SpaceX Launched Two Astronauts—Changing Spaceflight Forever

Saturday T-4:00

It’s Saturday morning and in just four hours astronauts Bob Behnken and Doug Hurley are expected to become the first humans to ride a Dragon. The veterans of NASA’s space shuttle program are scheduled to catch a lift to the international Space Station inside SpaceX’s Crew Dragon capsule, which will be boosted to orbit by the company’s Falcon 9 rocket. The Demo-2 mission will be the final test before NASA certifies SpaceX’s capsule for human spaceflight and resumes regular crewed launches from the US after a nine-year hiatus. But the weather forecast is not looking good.
Swollen white clouds laze over Kennedy Space Center, portents of thunderstorms predicted to roll across the bay later in the afternoon. The Space Force’s 45th Weather Squadron, the group responsible for monitoring the weather around the launchpad , predicts only a 50 percent chance that the launch will occur today. That’s worse odds than they gave on Wednesday, the first attempt at the Demo-2 mission, which was scrubbed just 17 minutes before launch due to concerns about lightning near the pad.In less than an hour, Behnken and Hurley will ride to the launchpad in a pair of white Teslas, climb into the crew capsule on the rocket, and start preparing for launch. Neither SpaceX nor NASA want the astronauts to go through the prelaunch procedures again for nothing, so the organizations meet to re-evaluate the weather. At the press site, a crew of NASA employees are putting the finishing touches on a stage erected on the lawn for the president and his entourage, who are scheduled to arrive later in the afternoon.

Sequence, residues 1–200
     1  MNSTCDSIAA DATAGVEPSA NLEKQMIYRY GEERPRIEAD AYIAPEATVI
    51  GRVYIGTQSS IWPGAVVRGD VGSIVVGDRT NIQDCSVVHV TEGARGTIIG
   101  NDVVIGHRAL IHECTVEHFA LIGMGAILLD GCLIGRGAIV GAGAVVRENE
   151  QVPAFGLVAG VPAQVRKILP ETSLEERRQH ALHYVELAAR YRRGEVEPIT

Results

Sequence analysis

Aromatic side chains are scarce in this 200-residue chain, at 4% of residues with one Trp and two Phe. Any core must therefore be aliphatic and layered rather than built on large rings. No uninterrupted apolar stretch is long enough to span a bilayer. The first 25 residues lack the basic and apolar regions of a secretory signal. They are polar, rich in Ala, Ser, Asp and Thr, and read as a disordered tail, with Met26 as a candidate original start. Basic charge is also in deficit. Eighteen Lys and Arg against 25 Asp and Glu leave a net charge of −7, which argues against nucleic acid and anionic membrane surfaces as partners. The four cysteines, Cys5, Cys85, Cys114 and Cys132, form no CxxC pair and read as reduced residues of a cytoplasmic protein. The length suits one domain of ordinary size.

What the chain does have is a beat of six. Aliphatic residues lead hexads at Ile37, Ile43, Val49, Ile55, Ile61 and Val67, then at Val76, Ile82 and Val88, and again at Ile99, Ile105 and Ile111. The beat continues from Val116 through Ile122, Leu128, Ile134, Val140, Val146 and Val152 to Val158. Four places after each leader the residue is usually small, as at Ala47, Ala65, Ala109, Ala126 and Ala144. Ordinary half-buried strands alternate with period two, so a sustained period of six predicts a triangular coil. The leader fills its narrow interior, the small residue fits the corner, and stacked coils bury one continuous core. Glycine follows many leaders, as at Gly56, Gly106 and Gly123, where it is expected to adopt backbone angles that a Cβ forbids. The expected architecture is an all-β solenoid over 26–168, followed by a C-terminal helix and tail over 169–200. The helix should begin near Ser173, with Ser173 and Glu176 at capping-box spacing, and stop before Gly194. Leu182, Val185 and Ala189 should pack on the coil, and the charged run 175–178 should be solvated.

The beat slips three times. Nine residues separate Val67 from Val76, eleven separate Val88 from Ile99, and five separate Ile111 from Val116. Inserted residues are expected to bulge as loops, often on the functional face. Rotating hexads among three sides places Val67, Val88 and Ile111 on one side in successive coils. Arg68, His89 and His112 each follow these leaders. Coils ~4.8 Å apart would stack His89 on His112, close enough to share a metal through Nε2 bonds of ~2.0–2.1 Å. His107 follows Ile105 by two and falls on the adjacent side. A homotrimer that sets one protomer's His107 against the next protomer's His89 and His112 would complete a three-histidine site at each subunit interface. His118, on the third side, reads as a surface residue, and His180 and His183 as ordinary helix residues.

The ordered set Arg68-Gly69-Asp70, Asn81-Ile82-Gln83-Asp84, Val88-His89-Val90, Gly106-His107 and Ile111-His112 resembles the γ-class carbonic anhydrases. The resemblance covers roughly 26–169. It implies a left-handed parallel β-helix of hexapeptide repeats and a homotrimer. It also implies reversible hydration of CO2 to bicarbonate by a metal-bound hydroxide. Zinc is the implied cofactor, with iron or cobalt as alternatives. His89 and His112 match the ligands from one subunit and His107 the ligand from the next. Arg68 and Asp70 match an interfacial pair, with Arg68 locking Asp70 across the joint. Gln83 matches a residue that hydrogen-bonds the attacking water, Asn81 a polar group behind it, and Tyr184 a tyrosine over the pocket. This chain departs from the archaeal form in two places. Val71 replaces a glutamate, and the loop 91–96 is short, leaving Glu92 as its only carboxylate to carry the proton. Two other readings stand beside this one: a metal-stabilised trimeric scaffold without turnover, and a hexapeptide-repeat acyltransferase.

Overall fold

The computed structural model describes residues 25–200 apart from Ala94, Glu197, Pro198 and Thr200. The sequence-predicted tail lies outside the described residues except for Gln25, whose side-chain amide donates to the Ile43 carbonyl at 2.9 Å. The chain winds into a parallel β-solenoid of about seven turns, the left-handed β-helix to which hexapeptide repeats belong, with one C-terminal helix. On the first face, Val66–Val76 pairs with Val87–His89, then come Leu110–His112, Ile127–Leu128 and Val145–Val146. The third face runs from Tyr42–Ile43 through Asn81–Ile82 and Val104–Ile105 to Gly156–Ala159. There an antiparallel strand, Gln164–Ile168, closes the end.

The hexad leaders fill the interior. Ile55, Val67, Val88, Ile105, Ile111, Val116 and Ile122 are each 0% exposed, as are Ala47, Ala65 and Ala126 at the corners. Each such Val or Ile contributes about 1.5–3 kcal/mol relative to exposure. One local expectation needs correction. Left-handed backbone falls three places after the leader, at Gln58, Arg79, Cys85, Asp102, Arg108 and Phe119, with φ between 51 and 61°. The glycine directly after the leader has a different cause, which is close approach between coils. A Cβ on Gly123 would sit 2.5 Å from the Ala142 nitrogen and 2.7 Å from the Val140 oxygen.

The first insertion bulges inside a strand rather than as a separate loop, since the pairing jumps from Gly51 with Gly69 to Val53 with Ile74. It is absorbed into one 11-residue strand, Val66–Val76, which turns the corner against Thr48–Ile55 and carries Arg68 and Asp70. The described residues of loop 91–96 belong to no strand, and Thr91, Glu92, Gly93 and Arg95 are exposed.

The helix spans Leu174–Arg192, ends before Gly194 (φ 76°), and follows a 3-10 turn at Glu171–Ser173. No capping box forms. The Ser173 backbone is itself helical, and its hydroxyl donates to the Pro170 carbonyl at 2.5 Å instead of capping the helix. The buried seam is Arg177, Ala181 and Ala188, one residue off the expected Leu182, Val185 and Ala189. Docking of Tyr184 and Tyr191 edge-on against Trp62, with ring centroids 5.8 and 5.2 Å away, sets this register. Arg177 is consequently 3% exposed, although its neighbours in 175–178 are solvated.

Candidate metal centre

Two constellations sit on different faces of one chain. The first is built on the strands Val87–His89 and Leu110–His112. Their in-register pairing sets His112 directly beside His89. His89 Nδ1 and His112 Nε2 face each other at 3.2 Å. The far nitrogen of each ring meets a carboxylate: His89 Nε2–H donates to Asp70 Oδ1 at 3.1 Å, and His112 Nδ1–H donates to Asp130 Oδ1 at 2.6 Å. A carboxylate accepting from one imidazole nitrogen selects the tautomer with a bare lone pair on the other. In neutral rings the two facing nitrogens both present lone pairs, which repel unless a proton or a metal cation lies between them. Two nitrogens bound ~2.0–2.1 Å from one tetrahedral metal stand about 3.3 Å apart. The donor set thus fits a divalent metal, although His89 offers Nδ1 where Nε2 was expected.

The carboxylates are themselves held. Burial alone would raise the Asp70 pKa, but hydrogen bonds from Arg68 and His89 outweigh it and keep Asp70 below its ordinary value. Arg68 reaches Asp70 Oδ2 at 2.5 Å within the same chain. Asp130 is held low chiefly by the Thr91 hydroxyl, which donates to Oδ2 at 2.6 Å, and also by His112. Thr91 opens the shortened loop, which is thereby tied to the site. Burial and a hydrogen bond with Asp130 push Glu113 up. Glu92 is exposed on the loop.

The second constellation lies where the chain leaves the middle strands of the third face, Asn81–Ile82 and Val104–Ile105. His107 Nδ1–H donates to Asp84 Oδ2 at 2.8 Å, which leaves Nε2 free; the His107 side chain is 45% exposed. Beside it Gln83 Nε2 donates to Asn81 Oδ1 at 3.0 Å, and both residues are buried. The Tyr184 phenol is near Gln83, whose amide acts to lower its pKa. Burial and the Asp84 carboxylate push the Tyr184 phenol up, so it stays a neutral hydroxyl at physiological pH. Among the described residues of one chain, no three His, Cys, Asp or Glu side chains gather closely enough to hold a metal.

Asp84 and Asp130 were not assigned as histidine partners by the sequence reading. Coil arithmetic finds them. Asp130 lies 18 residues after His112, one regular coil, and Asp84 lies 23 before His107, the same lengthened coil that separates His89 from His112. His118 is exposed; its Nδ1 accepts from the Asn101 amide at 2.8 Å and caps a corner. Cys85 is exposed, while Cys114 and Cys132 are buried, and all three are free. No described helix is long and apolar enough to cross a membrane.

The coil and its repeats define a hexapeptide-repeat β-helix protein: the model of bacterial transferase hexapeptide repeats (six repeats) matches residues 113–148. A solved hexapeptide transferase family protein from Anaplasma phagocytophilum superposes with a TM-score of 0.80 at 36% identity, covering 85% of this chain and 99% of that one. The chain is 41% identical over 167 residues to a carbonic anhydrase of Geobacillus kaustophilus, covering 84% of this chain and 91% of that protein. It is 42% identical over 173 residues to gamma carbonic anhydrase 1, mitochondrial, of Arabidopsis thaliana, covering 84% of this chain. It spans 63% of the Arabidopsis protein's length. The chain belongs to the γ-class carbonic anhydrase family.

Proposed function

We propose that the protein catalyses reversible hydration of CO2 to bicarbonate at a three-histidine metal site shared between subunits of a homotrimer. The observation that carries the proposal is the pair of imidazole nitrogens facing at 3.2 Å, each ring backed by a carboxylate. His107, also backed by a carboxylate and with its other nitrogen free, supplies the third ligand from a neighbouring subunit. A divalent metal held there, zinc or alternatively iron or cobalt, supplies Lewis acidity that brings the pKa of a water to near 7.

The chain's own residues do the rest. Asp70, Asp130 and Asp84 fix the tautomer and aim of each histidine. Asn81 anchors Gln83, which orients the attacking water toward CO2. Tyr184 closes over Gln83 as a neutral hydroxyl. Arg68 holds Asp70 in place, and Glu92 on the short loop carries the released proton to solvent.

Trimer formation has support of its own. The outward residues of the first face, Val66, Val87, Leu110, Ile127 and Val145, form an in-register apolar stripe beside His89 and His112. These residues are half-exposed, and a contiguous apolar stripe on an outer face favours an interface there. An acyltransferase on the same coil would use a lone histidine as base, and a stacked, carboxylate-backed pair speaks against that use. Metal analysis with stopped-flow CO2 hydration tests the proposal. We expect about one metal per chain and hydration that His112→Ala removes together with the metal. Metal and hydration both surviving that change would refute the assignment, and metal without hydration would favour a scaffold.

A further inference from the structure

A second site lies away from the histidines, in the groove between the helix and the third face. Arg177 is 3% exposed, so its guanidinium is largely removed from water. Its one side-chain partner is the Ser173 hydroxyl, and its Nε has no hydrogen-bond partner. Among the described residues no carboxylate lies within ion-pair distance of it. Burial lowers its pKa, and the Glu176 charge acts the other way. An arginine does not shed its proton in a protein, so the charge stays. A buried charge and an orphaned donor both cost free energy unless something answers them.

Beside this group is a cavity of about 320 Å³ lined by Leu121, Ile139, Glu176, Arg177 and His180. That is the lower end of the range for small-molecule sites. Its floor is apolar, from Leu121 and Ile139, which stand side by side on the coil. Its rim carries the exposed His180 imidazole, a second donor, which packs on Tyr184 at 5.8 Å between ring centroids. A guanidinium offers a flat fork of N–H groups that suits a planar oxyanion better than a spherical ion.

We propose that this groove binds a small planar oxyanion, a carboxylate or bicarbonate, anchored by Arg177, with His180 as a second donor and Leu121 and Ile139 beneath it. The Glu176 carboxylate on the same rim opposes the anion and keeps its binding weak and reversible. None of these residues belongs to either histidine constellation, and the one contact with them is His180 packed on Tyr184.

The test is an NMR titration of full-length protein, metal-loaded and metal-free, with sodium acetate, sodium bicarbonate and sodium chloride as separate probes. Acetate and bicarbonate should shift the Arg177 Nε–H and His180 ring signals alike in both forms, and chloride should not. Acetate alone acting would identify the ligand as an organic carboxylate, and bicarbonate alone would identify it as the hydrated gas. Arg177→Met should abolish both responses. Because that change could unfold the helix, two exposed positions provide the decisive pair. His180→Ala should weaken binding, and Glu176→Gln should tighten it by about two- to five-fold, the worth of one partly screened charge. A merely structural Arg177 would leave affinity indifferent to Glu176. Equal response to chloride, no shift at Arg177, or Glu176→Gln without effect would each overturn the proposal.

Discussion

The Demo-2 launch represents the culmination of nearly a decade of work by NASA and SpaceX. Following the end of the shuttle program, NASA was left without a rocket to send astronauts to space, so for the last nine years, the agency has relied on Russian rockets for a ride to the International Space Station. It was a pricey proposition—seats on the Soyuz capsule cost $80 million per astronaut. NASA embraced commercial crew contracts as a way to drive down the cost of space access by harnessing the powers of the market. And the gamble is about to pay off. Once SpaceX starts ferrying astronauts to orbit on operational missions, seats on Crew Dragon will cost roughly half the price of a seat on the Russian Soyuz capsule.